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#6367 - 02/18/06 09:36 AM Re: Are your muskrats dieing off?
born2trap Offline
Member

Registered: 09/04/05
Posts: 29
Loc: arkansas
I spoke with an older well known mink trapper in my area. He did some bounty trapping for the Game and Fish several years ago to conduct a study of mink decreases in Arkansas, and insisted on being briefed on the findings as a condition. I disagree with the predatory birds. There is enough aquatic habitat and cover from above. It would be easier for the hawks, owls to catch squirrels and rabbits. The report, he said, pointed into the chemicals used by rice farmers, but much like a lot of water polution reports, money cleans the water up pretty well, unfortunately for all of us. I know of a certain film factory, that has cleaned up waste water flowing back into the white river. We used to catch lots of fish at the source of the flowage, you wont catch anything there now. But the water is supposed to be clean enough to drink, but only as the report comes back down hill from the top.

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#6368 - 02/18/06 11:30 AM Re: Are your muskrats dieing off?
Bogmaster Offline
Member

Registered: 07/31/00
Posts: 240
Loc: Lakeland,Mn.
There is enough aquatic cover from above???
There is no cover above most muskrat houses.It is hard for there to be overhead covering,when it goes into the building of their houses.Go through a heavy cattail marsh--where are rat houses located?in open pockets,created by the rats when they build.
Also rats do not live long enough for chemical buildups to affect them.Granted some chemicals may kill them on contact,but their short life span ,keeps chemical buildups in the body from doing most of them in.
Birds of prey learn the waiting game well.It is now pretty common to see hawks sitting patiently above urban bird feeders.They do the exact same thing along rat marsh edges.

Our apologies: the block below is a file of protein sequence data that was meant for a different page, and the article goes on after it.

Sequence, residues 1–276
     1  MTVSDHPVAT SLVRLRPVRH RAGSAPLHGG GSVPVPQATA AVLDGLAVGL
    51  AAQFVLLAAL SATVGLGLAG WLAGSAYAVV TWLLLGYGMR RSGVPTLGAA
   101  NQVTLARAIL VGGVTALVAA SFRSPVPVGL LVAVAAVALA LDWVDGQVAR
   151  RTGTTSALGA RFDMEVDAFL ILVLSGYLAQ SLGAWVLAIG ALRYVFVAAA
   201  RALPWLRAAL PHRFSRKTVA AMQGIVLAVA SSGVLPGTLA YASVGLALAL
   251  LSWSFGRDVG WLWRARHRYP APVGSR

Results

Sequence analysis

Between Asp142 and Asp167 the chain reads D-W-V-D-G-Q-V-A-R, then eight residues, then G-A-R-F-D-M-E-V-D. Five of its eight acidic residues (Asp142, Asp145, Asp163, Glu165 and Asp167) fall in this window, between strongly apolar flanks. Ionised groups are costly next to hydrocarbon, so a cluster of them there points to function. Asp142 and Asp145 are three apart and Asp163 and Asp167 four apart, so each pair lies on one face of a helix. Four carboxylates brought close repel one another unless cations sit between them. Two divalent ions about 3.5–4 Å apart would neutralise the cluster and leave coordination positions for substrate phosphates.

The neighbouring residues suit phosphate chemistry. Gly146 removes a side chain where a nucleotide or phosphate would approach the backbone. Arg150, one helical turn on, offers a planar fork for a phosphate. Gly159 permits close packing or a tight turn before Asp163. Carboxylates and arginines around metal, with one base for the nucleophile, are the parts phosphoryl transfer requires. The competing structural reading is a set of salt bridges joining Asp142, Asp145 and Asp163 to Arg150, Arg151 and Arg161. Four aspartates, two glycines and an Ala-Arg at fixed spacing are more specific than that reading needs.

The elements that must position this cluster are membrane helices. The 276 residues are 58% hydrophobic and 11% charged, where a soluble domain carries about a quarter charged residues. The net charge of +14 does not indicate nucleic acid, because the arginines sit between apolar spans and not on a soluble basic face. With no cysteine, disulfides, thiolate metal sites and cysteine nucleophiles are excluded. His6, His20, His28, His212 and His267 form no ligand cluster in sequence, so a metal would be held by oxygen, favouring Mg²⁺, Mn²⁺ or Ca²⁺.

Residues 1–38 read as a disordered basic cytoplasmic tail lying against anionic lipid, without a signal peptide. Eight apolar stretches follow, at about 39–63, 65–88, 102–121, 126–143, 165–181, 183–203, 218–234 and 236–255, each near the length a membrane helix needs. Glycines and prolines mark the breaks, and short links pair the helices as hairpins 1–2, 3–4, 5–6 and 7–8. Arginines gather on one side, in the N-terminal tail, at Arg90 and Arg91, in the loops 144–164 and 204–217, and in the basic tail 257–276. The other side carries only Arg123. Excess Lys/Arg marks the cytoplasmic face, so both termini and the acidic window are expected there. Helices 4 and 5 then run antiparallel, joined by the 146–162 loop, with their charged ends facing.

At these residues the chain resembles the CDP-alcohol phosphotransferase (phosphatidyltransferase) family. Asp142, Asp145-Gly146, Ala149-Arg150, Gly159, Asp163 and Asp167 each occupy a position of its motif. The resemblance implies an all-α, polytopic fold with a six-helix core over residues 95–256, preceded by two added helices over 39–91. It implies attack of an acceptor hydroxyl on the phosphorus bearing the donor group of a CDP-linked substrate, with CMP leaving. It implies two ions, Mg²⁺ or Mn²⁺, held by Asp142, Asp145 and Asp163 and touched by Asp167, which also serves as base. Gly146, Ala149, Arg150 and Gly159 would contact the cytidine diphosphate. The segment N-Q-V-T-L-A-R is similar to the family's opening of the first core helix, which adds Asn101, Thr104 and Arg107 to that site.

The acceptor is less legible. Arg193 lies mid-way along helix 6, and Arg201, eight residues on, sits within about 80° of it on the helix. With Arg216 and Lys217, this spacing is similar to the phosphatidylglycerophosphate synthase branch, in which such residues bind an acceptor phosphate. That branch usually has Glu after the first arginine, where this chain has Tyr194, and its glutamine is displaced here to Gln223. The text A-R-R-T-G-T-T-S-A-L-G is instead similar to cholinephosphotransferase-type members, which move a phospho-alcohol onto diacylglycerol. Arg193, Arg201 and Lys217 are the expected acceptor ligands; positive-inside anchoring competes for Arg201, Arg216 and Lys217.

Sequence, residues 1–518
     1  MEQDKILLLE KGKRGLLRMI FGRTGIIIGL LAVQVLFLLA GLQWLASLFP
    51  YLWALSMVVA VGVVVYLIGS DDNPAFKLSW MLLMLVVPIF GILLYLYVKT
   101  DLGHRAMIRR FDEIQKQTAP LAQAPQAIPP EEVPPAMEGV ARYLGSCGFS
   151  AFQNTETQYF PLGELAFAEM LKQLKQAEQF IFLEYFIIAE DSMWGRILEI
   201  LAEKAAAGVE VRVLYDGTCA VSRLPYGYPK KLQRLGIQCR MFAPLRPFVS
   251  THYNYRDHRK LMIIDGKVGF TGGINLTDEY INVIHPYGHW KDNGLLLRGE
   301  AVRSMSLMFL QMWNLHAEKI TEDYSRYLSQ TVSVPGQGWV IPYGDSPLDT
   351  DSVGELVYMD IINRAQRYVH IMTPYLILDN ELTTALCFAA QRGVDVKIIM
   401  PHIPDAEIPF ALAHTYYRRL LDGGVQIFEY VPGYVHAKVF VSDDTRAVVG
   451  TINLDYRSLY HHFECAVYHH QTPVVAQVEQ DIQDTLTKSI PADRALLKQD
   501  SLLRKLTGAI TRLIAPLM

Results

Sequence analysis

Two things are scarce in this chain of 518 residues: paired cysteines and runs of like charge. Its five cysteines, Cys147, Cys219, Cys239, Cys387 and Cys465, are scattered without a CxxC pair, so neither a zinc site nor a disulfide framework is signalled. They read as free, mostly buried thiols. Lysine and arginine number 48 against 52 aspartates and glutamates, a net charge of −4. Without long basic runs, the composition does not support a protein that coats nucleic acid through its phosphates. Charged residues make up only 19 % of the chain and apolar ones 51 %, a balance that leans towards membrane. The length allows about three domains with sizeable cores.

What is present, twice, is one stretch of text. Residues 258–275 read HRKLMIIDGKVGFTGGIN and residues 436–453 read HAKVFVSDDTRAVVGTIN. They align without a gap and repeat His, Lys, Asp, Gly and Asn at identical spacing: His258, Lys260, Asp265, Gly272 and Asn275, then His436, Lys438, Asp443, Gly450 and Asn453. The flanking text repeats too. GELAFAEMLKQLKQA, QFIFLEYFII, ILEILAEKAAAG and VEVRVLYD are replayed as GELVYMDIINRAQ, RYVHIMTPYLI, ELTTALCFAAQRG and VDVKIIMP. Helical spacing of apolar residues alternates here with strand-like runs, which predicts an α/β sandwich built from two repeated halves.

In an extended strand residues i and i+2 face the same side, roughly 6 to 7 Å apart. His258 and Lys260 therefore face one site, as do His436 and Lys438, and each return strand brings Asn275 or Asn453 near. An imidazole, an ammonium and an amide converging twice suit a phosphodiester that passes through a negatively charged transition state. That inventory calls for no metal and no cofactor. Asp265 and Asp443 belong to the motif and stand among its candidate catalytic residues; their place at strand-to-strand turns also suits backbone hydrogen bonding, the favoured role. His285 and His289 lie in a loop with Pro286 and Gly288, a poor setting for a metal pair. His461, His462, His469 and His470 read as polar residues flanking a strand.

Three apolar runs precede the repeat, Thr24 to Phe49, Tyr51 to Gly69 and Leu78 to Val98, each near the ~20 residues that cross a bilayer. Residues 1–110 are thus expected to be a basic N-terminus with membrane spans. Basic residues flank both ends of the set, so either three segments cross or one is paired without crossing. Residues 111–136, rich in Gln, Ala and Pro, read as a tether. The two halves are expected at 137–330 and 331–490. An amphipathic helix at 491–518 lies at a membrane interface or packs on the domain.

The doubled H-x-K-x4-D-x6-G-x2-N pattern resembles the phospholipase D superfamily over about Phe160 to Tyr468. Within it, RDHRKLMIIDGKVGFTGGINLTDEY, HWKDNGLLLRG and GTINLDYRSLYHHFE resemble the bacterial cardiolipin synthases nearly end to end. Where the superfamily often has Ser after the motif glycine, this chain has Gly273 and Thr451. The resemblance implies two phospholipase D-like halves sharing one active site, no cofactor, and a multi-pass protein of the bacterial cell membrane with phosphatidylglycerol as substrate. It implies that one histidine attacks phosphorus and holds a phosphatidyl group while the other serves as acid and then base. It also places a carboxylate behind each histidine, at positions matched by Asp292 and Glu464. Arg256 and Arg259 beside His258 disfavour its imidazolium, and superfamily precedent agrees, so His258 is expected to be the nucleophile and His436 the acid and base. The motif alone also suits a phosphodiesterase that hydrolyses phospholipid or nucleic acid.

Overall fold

Tom Olson

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#6369 - 02/18/06 12:56 PM Re: Are your muskrats dieing off?
BillWI Offline
Member

Registered: 01/01/01
Posts: 339
Loc: Bonduel,WI,US
I'll have to agree with bogmaster on this one. Predation from the air seems to be the biggest problem as far as I can see. Lost at least a half dozen rats to owls or birds this year. If a rat wasn't under the water seemed to be the biggest problem. Certain parts of my line haven't shown any real loss of numbers where others are decimated. Most of these are areas with lots of trees along the shoreline be it creek or ponds. Areas without the tree line seem to hold there numbers rather well. So seeing that the use of chemicals has allowed bird numbers to increase it would make sense the prey numbers would drop. I.E. Lynx and snowshoe hares.
Pollution could be a contributing factor not so much from killing the rat but by making the young weak or causing the mothers to abort. The same as the pesticides that make the egg shells weak for birds. Manure run-off has turned into a major problem in some water ways and I've seen some creeks where run off could be a problem.
Seeing their only a lowly muskrat not much will be done by most state agencies. Wolves and and other high profile animals yes but seeing this only affects such a small portion of the sporting community(Trappers). It won't get much for attention until to late.
Bill

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#6370 - 02/18/06 08:58 PM Re: Are your muskrats dieing off?
WI_Archer Offline
Member

Registered: 12/22/05
Posts: 82
Loc: WI
I know for a fact the it is birds of prey. I have not gone a day the entire season without seeing an eagle along my best rat marsh. Hawks are in the trees boarding just looking out across. Just last week when running otter sets I found a large buck mink dead on the bank of the reservoir. Skinned him out and almost positive it is a talon mark right in the middle of his back. Not only have the rat numbers dropped in this area but so have the mink numbers I had only seen 3-4 sets of mink tracks through here the entire fall and then I find a dead one. This is in an area where last year it would be hard to go 3 days without finding fresh mink sign, we even spotted 2 mink out on the snow running the edge of the creek.

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#6371 - 02/19/06 12:51 AM Re: Are your muskrats dieing off?
henry fitzgerald Offline
Member

Registered: 01/25/06
Posts: 72
Loc: Quakertown, Pa.
Well guys, yes birds of prey will take advantage of easy prey like a muskrat in a trap. However if you read again I wrote we lost our frogs and minnows then our mink then our pheasants now our rats. This tumor thing was going on for years then the spotted liver problem started and having helped a fur buyer skin rats the first week each season, I can say there were less and less kits. So they abort or die very young. I am so sorry to hear you fellows are loseing your rats but it's not birds of prey or over trapping or drought, because the rats would always bounce back. It's the bad water even though it looks clean.